On May 27, 2014, the Federal Court released two related
decisions, Sandoz Canada Inc. v. Canada (Sandoz) and
Ratiopharm Inc. (now Teva Canada Limited) v. Canada
(Ratiopharm) dealing with the jurisdiction of the Patented
Medicine Prices Review Board (PMPRB) over generic drugs and,
arguably, any genericized drug.
Under section 2 of the Patent Act (Act), a patentee is
a person entitled to the benefit of a patent. Similarly, a
"patentee" under section 79(1), in respect of an
invention pertaining to a medicine, "includes, where any other
person is entitled to exercise any rights in relation to that
patent . . . that other person in respect of those rights."
The PMPRB decided in each of the two decisions that its
jurisdiction extended to generic manufacturers. Each of Sandoz and
Ratiopharm appealed the Board's decision to the Federal
The decisions of the Federal Court overruled the PMPRB's
finding that Sandoz and Ratiopharm each fell within the scope of a
patentee, and were therefore subject to the PMPRB's pricing
control regime. The Court also held that the definition of
patentee, were it to extend to generic companies, would exceed the
limits of federal jurisdiction over pricing of medicines and expose
the legislation to a constitutional attack. In the decision in
Sandoz, this concept was explained as follows:
In my view, the mere fact that a
subsidiary generic company sells a version of a patented medicine
is insufficient to bring it within the definition of a patentee.
Usually, a generic company is not entitled to the principal benefit
of a patent—an exclusive monopoly to make, use, or sell the
patented product. Nor can a generic company typically exercise
rights in relation to a patent held by another company. Before the
patent expires, a generic company can enter the market with a
license from the patent holder, or with the patent holder's
permission, or by successfully challenging the patent. In none of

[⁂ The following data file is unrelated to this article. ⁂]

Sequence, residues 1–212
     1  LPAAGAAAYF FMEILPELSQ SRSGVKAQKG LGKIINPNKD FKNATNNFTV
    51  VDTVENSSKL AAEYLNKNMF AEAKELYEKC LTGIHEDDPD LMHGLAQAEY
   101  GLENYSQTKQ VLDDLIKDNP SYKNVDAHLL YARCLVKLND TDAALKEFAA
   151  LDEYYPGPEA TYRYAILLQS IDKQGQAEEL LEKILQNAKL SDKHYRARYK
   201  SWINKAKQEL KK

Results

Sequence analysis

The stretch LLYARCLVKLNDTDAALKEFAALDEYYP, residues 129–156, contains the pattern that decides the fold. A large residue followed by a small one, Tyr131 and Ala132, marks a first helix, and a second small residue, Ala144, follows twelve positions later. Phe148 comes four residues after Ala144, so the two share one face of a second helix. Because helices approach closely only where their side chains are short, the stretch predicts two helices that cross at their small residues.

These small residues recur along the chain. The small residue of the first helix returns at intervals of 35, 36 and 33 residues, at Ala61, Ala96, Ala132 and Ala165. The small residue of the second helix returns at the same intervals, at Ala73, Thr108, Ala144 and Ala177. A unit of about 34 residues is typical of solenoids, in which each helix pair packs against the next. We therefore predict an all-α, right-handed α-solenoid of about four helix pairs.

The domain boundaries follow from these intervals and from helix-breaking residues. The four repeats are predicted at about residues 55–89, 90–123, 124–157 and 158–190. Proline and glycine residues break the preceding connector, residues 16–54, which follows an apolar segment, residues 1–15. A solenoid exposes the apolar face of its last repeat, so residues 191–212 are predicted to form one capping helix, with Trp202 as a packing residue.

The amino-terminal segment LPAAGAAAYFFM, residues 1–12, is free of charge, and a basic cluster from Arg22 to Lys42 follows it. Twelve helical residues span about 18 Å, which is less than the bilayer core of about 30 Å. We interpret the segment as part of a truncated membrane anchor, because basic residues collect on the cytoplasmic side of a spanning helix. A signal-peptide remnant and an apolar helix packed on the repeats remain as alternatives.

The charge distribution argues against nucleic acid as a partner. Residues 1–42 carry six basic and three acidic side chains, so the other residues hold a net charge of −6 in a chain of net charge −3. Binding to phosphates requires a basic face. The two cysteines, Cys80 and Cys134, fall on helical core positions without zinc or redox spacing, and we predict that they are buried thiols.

these scenarios does the generic company receive the exclusive
benefits and rights that inure to patent holders.
On the definition of patentee, Justice O'Reilly appears to
have distinguished entities who are able to assert a monopoly due
to the patent and those who are able to benefit from the patent. On
a broad reading, this finding indicates that once an innovative
"brand" drug has been genericized, the brand manufacturer
would no longer be under PMPRB jurisdiction as there is no longer a
monopoly on the drug.
On June 25, 2014, the Attorney General of Canada (on behalf of
the PMPRB) filed notices of appeal from the decisions of Justice
O'Reilly. We will keep you apprised of developments as these
cases move forward.
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guide to the subject matter. Specialist advice should be sought
about your specific circumstances.
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A recent Saskatchewan Court of Queen's Bench decision allowed a court-appointed receiver to sell and transfer intellectual property rights free and clear of encumbrances, finding that a license to use improvements of an invention was a contractual interest and not a property interest.
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